I’m back and healing and a tuesday recap

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I’m healing nicely after my wisdom teeth extraction wednesday and i’m back on regular posting schedule now. the 2 exceptions will be the 14th and 19th which are moving days for me. however as a bonus for several missed days this summer i will release my pliminary 2009-2010 winter forecast on august 20th. 

on tuesday we had more activity than normal due to severe weather and flooding so if  you visited the site for the first time tuesday welcome and feel free to comment.

here is some recap infro from the nws on an active tuesday, thankfully no lives were lost.

Record-breaking heavy rains fell in Jefferson County, Kentucky, as well as Floyd and Clark Counties in Indiana and strong thunderstorms regenerated over the area.  Rainfall amounts up to 6 inches fell between 7am and 10am EDT, especially in central Louisville.  Five inches of rain fell in 90 minutes from 7:45am to 9:15am, and rainfall rates up to an astounding 8.80 inches per hour were reported.

There were no fatalities or injuries.  A woman and two children were trapped and then rescued in New Albany.  Ten kittens and a dog at the metro animal services shelter in Louisville drowned when the building flooded.

In Louisville, nearly 200 people were rescued by emergency workers from the tops of cars and houses.  About 50 people were rescued by boat from a University of Louisville administrative office building.  Two children were pulled from a swollen creek when neighbors saw them get swept away as they walked too close to the stream.  Water was reported up to several feet deep in parts of Louisville.  Cars were submerged in a downtown parking lot.  Major flooding affected Churchill Downs and surrounding neighborhoods.  Interstates 65 and 264 were closed.  Floodwaters poured into homes and engulfed Louisville’s main public library downtown, several area hospitals, horse barns at Churchill Downs, and the University of Louisville campus.  Thousands of books were destroyed at the Louisville downtown library, with a million dollars in damage.

Other water rescues were also reported in New Albany as well as in Sellersburg.  Massive flooding occurred in New Albany, where cars were set alfoat.  Up to three feet of water was on the streets of Jeffersonville, stalling vehicles.  Water entered homes and businesses in Lanesville.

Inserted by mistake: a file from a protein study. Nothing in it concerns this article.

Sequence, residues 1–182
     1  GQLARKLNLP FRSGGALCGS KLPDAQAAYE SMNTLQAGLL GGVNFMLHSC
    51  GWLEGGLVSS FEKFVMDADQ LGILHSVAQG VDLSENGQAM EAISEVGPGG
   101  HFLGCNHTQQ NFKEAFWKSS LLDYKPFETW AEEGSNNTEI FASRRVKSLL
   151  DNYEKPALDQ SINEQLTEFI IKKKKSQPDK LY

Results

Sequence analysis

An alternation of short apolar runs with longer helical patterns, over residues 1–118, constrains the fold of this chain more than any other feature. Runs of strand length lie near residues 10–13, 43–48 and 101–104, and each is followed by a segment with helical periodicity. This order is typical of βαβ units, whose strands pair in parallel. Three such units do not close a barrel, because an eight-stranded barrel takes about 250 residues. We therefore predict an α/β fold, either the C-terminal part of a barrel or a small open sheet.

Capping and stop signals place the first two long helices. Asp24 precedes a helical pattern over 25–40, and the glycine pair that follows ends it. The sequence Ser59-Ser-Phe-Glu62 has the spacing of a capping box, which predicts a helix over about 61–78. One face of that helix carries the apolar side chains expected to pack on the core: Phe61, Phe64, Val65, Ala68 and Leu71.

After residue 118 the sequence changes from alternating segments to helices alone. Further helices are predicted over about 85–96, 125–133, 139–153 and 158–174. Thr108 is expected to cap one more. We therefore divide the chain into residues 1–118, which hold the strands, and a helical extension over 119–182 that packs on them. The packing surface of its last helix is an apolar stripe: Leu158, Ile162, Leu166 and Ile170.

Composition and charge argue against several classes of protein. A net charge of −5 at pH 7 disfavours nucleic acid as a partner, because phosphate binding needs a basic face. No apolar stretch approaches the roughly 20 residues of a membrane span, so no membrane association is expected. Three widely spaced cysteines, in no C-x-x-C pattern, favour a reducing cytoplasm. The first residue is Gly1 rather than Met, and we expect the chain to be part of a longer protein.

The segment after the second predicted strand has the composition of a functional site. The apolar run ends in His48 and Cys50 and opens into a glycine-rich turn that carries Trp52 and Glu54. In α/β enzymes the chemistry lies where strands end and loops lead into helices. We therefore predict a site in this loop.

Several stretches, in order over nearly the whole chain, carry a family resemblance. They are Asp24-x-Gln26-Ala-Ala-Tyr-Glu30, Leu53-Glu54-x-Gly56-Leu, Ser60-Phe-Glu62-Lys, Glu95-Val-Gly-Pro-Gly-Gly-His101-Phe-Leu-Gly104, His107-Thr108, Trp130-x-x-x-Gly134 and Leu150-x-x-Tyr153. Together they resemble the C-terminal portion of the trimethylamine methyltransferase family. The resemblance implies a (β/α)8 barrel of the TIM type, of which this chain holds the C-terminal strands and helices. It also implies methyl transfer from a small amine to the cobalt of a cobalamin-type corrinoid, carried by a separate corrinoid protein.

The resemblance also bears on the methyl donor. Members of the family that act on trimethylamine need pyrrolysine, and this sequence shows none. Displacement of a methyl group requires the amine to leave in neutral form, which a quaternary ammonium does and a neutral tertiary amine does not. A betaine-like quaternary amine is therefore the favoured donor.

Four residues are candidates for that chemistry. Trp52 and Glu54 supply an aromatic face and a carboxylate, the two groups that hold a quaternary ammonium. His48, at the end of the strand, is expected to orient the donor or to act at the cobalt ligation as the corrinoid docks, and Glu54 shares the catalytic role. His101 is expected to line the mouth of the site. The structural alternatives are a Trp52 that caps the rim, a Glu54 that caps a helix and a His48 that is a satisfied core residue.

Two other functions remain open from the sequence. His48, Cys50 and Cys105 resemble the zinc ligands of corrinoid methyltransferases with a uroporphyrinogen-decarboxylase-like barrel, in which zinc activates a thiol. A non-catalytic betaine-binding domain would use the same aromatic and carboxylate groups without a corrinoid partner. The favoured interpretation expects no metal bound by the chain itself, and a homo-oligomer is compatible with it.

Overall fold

Officially at Standiford International Airport (SDF), 4.53 inches of rain fell, which broke the old record for highest rainfall in a single day in August (set back in 1879).  Three inches of that rain fell in just one hour.

rainfall for the region on tue from cochrahs

louisville flooding rains

a hard day for many out there and my thoughts and paryers go to those affected.

1. let’s take  a step forward to our weekend as mentioned the other day the heat is on. one piece of good news is the models have backed off considerabily on another thunderstorm complex friday meaning a much drier transtion to hot and muggy. friday will have a southerly flow with highs in the mid 80’s and sunshine with increasing humidity.

2. the weekend will feature the core of a heat ridge overhead meaning sinking air a stable airmass and a cap in place to prevent much clouds or storms making the weekend sunny, hot and muggy with lows well into the 60’s and highs near 90. some areas may not hit 90 as considerable greens could reflect and asborb some of the sun’s effects coupled with extensive mositure that the sun will need to evaporate. my thinking is 90 on the spot we shall see. In my thinking as i see things now this will be the hotest weekend for the rest of the summer.

3. by early next week yet another front could begin to break down the ridge with a touch cooler temps.

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One Response to “I’m back and healing and a tuesday recap”

  1. Mitchg Says:

    speak of the devil here comes the complex of showers and storms the models got rid of moving se torward the ohio valley will raise storm chances to 40% for late this afternoon and eve north of 1-64. some isolated high water problems are possibile in counties near the ohio river.
    http://radar.weather.gov/Conus/index_loop.php

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